"I am my own reality check," he concludes.
Some researchers say Wolfram is blazing a path for other scientists to follow. With full-time faculty research jobs scarce and funding for basic industrial research increasingly rare, many scientists are seeking new ways to balance the demands of commerce against the lure of knowledge for its own sake. And the idea of financial independence is becoming more attractive.
By creating a software company to support his work, "he has built a new model for funding science—the scientist as entrepreneur, rather than the scientist as public welfare recipient," says Sejnowski at the Salk Institute. Wolfram, he says, reminds him of Edwin Land, who founded Polaroid and then continued to pursue basic research into the physics of color and vision in his corporate lab.
"In starting your own business," physicist-turned-entrepreneur Packard concurs, "you don't have to deal with the same kind of political complexities, and you don't have to tolerate a lot of the bull you have to tolerate in a university. You are not at the whim of the scientific culture of some funding agency."
There is certainly no shortage of iconoclastic loners in contemporary science. Princeton University mathematician Andrew Wiles spent seven years working secretly in his attic to polish a 200-page proof of Fermat's Last Theorem, one of the most famous problems in his field. When he unveiled his solution in a series of dramatic lectures in 1993, he made headlines around the world. Only then, however, did a sharp-eyed graduate student spot—and help fix—a critical error.
Indeed, the aloofness that Wolfram considers one of his virtues, others see as self-defeating. "He is battling with himself when he chooses to work in complete isolation," one former Princeton University associate says. "He is hurting himself by not interacting more with the scientific community at large."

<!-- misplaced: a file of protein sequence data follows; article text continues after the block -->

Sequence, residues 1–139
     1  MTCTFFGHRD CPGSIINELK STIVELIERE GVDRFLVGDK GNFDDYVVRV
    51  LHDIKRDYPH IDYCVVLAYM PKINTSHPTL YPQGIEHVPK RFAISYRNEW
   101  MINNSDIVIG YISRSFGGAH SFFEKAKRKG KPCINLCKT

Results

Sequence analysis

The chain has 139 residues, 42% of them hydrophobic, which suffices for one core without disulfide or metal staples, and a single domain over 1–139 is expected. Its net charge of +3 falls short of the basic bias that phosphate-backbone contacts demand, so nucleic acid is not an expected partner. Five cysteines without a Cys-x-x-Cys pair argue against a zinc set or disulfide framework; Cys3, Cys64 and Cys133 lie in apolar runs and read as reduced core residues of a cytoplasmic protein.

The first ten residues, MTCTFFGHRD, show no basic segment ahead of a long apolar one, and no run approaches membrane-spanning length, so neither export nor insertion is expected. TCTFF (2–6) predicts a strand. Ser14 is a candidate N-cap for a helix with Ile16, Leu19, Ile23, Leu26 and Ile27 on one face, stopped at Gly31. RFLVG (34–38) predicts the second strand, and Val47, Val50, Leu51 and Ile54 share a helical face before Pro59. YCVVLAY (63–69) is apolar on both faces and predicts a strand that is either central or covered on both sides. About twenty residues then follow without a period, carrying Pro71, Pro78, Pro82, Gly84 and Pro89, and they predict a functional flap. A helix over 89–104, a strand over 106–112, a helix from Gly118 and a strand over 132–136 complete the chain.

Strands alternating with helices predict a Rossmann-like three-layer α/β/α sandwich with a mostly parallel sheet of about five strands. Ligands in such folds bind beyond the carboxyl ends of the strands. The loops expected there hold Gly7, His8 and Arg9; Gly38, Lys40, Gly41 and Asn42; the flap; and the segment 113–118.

Other colleagues worry that his research muse has become a computer widow. In the past 18 months, for example, he has had little opportunity to brood on basic science, concentrating instead on polishing the new release of the program. They question whether Wolfram will ever be willing to loosen his hold on company operations enough to permit sustained, reflective research. While admiring his commercial success, they worry that he has been sidetracked by his tools—like a sculptor who spends all day sharpening her chisels but never sets one to marble, or a novelist who spends all day fiddling with the fonts in his word processing program.
"He has invested a lot of time in [Mathematica]," Hillis says. "That is great for the rest of us who use it, but it is probably bad for physics."
The program Wolfram developed to facilitate his own research may, in the end, overshadow it; the man who sought such a prominent place in the history of science may have to settle instead for a mention in his own company's annual reports. But as the scientific community waits and watches, it is not yet clear how this particular high-wire act will end. Wolfram remains balanced delicately on the tightrope of his ambitions.
"I seriously doubt that Stephen would set himself up for the fall he would take if he never delivers on the promise," Langton says. "I am willing to place my bets on Stephen, even though I don't know when they might pay off."